Ted Cruz also ran as an outsider and he was the big winner of the night and, to my of thinking, the scariest candidate. He is a True Believer and he came from behind with a big push from the Evangelical political machinery. I’m not sure how much this will help Cruz, however, as both Huckabee and Santorum won here and neither won anything else. I read that Cruz is hated by the GOP establishment and I can understand why, he is slightly to the right of Ghengis Khan and more than willing to shut the government down to get his way. Cruz’s victory speech went on and on, and just when I was beginning to wonder if he would ever leave, Hillary cut him off with her speech.
This seems pretty typical of the Clintons. Cutting into another guy’s speech is not forbidden, of course, just a little untoward. Like Trump, I think that Clinton expected to win but, unlike Trump, she was willing to give it a push. Before all the votes were counted, the Clinton campaign, preemptively, announced that she had won, “screw the actual counting”. That taking control of the message, which had echoes of another Clinton calling himself the “Comeback Kid” while coming in second or third in New Hampshire twenty-four years ago, is both admirable given the goal and scary, given the goal. I suspect her happily saying “what a night, unbelievable night” with a big smile with probably more relief than anything.
If nothing else, Hillary Clinton wants to win and I think that she will. I am not a Bill Clinton fan, I didn’t like his trashing of welfare or the Defense of Marriage Act among other things and I may be tarring Hillary with a brush that is meant for Bill, but I am concerned that, like Bill, Hillary will do almost anything to get and stay in office including selling out her progressive ideals.
Bernie Sanders was the last to give a victory speech and he came across as, well, Bernie Sanders, an outsider who would rather not be president than sell out. I like Bernie Sanders and agree with his position on everything, so I am not very objective here. He seems disheveled, but urgent, always on message because he actually believes the message. He believed in it when nobody else did and now that a big hunk of the country is catching up, he has moved from the margins to center stage. I don’t buy the argument that what Sanders is calling for is unobtainable so don’t waste a vote on him. Maybe it is unobtainable, but, at least Bernie sees the problem and is pushing for a fair solution. That is a big step ahead of somebody who doesn’t really feel or understand the problem or doesn’t even try to solve it because the solution isn’t easily attainable. But Bernie comes with alot of baggage, he has called himself a Democratic Socialist so long it would be disingenuous to change and he is 74. Seventy four years old! that is old.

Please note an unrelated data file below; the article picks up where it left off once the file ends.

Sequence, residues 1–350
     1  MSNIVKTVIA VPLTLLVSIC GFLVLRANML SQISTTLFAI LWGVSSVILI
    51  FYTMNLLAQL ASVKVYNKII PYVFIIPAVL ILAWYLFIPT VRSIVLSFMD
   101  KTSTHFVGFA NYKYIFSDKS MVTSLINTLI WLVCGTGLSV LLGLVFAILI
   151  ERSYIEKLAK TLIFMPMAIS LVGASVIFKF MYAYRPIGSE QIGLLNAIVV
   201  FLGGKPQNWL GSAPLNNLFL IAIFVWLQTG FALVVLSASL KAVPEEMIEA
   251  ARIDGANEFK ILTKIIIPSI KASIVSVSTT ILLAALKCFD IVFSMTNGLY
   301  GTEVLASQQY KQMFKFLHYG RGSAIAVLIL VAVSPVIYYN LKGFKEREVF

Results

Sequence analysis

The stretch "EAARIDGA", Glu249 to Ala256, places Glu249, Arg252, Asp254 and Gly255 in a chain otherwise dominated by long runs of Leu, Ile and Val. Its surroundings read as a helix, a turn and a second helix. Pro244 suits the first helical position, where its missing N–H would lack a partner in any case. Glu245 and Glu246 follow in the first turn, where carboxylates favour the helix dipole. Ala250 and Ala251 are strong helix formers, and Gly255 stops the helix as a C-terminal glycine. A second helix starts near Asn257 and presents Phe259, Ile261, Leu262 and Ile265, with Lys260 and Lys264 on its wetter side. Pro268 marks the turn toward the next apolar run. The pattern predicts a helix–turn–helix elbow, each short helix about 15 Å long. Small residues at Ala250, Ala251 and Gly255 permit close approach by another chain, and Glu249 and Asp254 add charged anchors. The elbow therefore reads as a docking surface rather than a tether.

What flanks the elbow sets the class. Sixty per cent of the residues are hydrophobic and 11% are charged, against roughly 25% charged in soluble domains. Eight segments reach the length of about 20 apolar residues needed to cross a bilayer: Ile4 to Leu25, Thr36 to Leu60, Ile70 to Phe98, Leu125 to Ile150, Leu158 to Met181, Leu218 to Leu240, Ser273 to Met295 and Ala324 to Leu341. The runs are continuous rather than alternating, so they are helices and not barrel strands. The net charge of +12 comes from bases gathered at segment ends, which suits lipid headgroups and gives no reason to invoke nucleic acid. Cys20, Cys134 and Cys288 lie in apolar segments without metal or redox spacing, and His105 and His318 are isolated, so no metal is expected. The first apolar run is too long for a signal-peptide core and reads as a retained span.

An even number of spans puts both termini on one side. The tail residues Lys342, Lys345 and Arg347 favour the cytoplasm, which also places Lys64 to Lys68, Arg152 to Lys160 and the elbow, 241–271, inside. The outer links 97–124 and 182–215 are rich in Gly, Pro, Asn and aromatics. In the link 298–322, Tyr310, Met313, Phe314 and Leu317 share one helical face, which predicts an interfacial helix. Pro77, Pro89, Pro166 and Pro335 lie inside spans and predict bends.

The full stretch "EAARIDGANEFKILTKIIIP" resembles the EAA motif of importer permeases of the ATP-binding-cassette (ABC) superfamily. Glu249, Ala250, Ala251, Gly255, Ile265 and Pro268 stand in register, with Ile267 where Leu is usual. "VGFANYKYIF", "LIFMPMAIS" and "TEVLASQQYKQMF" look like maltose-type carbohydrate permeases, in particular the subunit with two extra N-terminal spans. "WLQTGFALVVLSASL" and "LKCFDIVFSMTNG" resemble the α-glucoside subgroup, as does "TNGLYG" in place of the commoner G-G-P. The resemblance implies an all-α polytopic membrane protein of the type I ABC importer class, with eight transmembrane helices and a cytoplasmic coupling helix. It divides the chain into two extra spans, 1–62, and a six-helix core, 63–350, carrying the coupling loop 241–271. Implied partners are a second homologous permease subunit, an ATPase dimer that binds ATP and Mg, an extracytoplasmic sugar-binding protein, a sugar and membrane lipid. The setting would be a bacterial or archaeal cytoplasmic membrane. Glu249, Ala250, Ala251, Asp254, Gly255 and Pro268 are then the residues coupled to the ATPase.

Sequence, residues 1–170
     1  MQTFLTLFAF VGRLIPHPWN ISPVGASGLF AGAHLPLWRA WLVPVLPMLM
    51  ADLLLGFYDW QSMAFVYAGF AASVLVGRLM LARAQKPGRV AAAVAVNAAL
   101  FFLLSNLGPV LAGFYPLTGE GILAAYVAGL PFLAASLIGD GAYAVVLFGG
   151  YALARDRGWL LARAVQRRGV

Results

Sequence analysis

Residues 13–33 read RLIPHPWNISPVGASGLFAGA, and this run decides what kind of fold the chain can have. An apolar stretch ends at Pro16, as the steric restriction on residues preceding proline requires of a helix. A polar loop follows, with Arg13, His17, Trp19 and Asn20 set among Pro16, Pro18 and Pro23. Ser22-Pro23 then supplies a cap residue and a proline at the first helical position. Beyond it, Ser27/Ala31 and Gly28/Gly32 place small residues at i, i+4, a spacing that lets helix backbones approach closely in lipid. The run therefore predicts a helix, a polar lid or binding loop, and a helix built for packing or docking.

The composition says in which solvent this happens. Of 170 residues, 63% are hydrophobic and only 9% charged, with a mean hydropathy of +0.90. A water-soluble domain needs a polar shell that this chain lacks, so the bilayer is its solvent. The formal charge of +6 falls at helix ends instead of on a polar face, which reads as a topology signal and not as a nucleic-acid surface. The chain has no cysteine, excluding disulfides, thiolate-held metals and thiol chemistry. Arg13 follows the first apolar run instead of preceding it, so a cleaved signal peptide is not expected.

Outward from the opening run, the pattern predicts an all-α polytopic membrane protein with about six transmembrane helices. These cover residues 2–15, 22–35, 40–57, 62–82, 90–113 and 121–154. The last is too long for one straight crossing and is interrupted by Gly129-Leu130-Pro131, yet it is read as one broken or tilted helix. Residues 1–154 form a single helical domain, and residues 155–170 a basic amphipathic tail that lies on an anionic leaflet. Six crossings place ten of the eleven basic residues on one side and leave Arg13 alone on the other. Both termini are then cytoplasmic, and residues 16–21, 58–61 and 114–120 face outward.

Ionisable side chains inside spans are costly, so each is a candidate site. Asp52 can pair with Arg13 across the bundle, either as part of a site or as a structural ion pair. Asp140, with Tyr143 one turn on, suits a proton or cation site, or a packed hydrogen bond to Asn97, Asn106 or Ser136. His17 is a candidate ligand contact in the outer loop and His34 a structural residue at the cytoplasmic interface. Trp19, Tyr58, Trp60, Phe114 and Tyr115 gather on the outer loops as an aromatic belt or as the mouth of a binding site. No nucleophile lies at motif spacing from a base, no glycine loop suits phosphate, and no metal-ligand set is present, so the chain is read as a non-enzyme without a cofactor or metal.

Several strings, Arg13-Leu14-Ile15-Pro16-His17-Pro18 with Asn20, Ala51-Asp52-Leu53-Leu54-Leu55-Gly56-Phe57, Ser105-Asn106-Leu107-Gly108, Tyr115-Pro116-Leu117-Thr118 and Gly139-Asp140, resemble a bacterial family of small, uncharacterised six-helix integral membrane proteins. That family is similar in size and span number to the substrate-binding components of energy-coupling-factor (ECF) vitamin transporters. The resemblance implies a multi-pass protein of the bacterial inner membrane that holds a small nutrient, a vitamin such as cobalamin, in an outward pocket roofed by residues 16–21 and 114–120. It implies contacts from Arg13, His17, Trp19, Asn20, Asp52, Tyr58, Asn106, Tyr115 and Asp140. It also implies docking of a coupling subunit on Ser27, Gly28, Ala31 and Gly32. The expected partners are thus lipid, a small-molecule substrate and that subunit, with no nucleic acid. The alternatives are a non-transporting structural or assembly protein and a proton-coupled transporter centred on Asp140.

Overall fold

At the end, nothing changed my mind, maybe I feel a little more inclined to dislike Trump a little less, but probably not. If Bush, Christie, or John Kasich spoke, I missed it, but there is no way I would ever vote for them. They all ran as competent insiders and this is not the year for that. Even though they sound more reasonable than the Republican pack leaders, they are even worse. Trump says his hateful speech is not PC and that’s true but the politically correct speech of somebody like John Kasich has the same nasty message only it is in code. I am fascinated by politics and this year is more fascinating than ever. It is America on a big stage, and this year that is an America in which a large part of the citizenry feel the country is in decline and are pissed and want somebody to blame. Politics is the best spectator sport in the world and I love it but it reminds me of an old saw that I think was originally attributed to golf, Politics is nothing if you don’t love it and, if you do love it, Politics will break you heart.